Species in our landscapes

Last updated on 10 Oct 2017 

Keystone species

The critically endangered Red-finned Blue-eye. Photo Adam Kerezsy.
The critically endangered Red-finned Blue-eye. Photo Adam Kerezsy.
Research has shown that habitats with greater species diversity are more resilient to events such as fire or drought, and that particular species play a major role in keeping a habitat functioning. Such species may act as primary producers, habitat formers, pollinators, soil aerators or nutrient recyclers, or be top-order predators. By focusing on protecting and restoring populations of these keystone species we'll help achieve more robust ecosystem function and healthier landscapes overall.

Indicator species

The presence of specific species in the landscape can indicate whether or not elements of a habitat are functioning well. As our efforts to restore keystone species make our conservation work more effective by helping to drive ecosystem function, so indicator species help us monitor our progress. Our work will focus on protecting and restoring the priority habitats in each landscape we work in, and we'll monitor our progress by tracking the health of indicator species that rely on those habitats.

The Golden-shouldered Parrot is an important species for the Olkola people of Cape York. Photo Geoffrey Jones.
The Golden-shouldered Parrot is an important species for the Olkola people of Cape York. Photo Geoffrey Jones.
Culturally significant species

These species are important to our culture or to that of our partners. In many cases, these species are also keystone or indicator species. Maintaining current populations or bringing these species back to the landscape will be driven by the community for which they have special significance.

This research theme will address questions such as:

  • Which critical species are required to drive function in each landscape?
  • What are the best indicator species for our conservation targets in each landscape?
  • Which species in the landscape carry special cultural significance?
  • What are the key threatening processes for all of these species?
  • What are the key requirements to maintain these species in the landscape?
  • What are the most effective means of abating threats and increasing the viability of threatened species?

Case study: Re-introducing the nationally vulnerable red-tailed phascogale into Kojonup Reserve

Angela at Kojonup ReserveAngela Sanders with a Red-tailed Phascogale at Kojonup Reserve, WA. Photo Geoff Corrick

Bush Heritage Australia’s first translocation of a threatened mammal – the tiny Red-tailed Phascogale – into the largest protected area of wandoo woodland in Western Australia’s Kojonup region has boosted the prospects of long-term survival of this tiny tree-leaping marsupial.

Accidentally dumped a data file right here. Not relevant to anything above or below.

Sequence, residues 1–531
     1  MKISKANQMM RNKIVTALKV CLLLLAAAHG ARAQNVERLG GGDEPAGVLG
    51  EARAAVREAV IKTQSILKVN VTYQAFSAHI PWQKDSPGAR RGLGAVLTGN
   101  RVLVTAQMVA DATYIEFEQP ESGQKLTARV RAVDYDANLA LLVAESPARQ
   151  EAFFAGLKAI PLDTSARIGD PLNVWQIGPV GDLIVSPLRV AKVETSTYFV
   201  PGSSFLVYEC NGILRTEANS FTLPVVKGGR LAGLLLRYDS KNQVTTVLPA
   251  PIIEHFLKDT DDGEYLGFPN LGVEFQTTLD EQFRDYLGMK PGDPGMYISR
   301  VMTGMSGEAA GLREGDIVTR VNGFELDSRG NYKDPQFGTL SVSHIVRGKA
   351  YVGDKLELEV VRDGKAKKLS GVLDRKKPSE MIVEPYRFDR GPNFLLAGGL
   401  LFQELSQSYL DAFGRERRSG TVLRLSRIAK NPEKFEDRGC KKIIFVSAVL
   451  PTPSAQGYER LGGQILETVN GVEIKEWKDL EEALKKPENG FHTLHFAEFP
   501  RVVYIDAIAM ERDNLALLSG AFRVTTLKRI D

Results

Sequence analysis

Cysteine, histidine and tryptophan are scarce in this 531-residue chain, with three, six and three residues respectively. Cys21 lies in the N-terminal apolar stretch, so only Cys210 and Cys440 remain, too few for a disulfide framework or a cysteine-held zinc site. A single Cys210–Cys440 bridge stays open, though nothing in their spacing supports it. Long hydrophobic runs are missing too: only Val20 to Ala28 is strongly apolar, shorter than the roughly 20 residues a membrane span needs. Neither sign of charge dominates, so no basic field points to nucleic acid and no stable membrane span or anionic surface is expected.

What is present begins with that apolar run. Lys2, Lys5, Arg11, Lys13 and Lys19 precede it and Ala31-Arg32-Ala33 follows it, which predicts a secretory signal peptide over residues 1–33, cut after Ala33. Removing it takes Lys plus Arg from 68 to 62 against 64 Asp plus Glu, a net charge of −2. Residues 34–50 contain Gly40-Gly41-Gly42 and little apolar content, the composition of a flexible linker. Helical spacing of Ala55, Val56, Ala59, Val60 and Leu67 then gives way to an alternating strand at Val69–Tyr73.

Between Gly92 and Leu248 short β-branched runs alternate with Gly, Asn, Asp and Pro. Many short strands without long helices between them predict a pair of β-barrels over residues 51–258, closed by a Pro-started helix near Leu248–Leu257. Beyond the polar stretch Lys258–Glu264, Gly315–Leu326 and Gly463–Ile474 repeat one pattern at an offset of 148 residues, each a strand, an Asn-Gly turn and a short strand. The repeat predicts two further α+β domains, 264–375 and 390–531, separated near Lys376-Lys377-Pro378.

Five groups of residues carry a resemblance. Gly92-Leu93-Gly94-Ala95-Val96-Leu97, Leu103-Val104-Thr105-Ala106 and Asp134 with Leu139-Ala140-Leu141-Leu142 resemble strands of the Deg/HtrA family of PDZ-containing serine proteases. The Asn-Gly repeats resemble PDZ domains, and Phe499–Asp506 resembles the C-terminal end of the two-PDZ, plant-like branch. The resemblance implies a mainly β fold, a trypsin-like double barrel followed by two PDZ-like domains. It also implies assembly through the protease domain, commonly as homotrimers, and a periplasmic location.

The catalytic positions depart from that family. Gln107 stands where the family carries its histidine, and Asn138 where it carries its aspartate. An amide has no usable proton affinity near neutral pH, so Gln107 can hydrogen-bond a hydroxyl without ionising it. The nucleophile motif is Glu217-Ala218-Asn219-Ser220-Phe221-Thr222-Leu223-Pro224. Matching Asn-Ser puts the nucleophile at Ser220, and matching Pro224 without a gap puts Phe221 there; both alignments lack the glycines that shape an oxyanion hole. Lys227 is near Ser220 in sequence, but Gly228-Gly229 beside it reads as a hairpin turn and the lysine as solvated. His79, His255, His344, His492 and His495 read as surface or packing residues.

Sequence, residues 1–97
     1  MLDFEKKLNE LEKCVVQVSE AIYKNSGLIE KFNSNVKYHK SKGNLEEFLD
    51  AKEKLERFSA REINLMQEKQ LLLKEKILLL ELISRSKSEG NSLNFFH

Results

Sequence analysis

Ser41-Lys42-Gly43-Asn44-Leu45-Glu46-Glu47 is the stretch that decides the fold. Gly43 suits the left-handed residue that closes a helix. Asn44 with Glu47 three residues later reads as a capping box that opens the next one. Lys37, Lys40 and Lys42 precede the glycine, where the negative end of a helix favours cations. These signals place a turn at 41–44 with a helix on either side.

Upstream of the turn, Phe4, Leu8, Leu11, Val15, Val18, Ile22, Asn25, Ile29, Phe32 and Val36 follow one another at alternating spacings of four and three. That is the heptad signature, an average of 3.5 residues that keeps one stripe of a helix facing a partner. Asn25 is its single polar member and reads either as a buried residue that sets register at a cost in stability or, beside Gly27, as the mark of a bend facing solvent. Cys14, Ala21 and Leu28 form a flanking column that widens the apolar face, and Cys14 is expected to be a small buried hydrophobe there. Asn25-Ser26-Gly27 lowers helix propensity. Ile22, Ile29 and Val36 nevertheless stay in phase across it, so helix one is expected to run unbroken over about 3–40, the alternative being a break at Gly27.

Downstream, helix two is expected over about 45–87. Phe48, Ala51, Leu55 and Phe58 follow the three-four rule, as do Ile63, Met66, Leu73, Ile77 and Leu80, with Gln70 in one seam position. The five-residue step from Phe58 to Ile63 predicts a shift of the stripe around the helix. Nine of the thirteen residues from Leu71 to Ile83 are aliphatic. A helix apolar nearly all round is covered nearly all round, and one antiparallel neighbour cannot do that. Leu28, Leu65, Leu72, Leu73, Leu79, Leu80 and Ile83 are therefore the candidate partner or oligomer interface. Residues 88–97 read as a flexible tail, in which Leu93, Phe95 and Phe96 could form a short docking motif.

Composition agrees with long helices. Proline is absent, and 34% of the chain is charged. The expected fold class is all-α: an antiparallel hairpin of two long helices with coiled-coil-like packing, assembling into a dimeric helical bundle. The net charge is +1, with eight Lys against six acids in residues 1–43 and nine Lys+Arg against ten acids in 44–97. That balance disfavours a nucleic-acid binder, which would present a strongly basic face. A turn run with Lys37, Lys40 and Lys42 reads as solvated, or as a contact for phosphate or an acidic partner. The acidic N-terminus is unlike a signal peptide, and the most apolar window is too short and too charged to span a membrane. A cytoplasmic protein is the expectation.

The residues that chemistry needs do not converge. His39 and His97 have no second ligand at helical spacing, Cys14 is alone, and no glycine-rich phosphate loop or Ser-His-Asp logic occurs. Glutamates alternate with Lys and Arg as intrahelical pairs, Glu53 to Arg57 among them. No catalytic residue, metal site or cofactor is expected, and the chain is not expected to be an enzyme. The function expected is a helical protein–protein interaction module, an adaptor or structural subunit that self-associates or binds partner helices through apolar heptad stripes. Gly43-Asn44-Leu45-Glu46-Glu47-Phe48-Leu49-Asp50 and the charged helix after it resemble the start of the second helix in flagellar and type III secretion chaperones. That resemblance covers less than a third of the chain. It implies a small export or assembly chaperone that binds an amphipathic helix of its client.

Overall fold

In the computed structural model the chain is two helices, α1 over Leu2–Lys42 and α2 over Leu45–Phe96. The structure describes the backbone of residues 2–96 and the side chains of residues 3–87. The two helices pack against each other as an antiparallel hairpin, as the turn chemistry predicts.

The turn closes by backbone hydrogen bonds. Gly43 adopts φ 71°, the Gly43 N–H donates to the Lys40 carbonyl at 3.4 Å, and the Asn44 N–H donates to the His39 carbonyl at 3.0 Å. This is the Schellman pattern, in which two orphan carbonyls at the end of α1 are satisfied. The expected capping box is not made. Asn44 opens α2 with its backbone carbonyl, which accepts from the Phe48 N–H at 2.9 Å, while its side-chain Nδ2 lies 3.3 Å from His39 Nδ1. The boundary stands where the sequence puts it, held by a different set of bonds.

Once widespread across much of Western Australia and semi-arid southern Australia, Bush Heritage partnered with Western Australia’s Department of Parks and Wildlife to reduce the threat of extinction for the phascogale.

In two phases, from 2010 to 2012, 30 phascogales were translocated onto Kojonup Reserve using wool-lined nest boxes to augment natural hollows used for nesting and breeding. Bush Heritage’s long-term feral predator and rabbit control program at Kojonup Reserve has protected them from predators and maintained habitat quality. 

Four years on, the phascogales are breeding and continuing to use the nest boxes extensively, with 30 new nest boxes ready to be added by Bush Heritage to a more extensive area – to encourage the population to grow.

Key projects

Re-introducing the nationally vulnerable Red-tailed Phascogale into Kojonup Reserve

In partnership with Western Australia Department of Parks and Wildlife, Bush Heritage has established a population of phascogales on Kojonup Reserve in Western Australia, through wild-to-wild translocation, provision of nest-boxes and ongoing feral animal control and fire management.

Swift parrot. Photo Graeme Chapman.

Swift Parrot. Photo Graeme Chapman.

Recovery of one of the world’s most endangered species, the Red-finned Blue-eye fish, at Edgbaston Reserve

A multi-faceted project, being led by Bush Heritage, to develop techniques to eradicate and then quarantine springs from invasive fish, enabling new populations of red-finned blue-eye to be established through relocation.

Recovery and supplementation of threatened Victorian orchids

Bush Heritage is working with Julie Whitfield from Amaryllis Environmental to monitor and increase the populations of rare and threatened orchids such as the robust greenhood and Stuart Mill spider-orchid on Nardoo Hills and JC Griffin reserves.

Searching for the elusive Marsupial Mole

In partnership with Joe Benshemesh from La Trobe University and the Birriliburu rangers, we are undertaking surveys in the Little Sandy Desert for one of the most elusive and reclusive of creatures, the northern marsupial mole.

Malleefowl nest mound discovery and monitoring

Long-term partnership with the Northern Malleefowl Protection Group to search for Malleefowl mounds and conduct annual monitoring of mound activity at Eurardy and Charles Darwin reserves, Western Australia.

Establishing a new population of the vulnerable Striped Legless Lizard on Scottsdale Reserve

Working with Brett Howland from ANU, we are salvaging individuals from a development site and relocating them to grassland on Scottsdale Reserve.

Re-introduction of threatened mammals onto Bush Heritage properties

Building on an existing partnership with Arid Recovery developed through the South Australian Rangelands Alliance, we will seek to release threatened critical weight range mammals onto Bon Bon and Boolcoomatta reserves.

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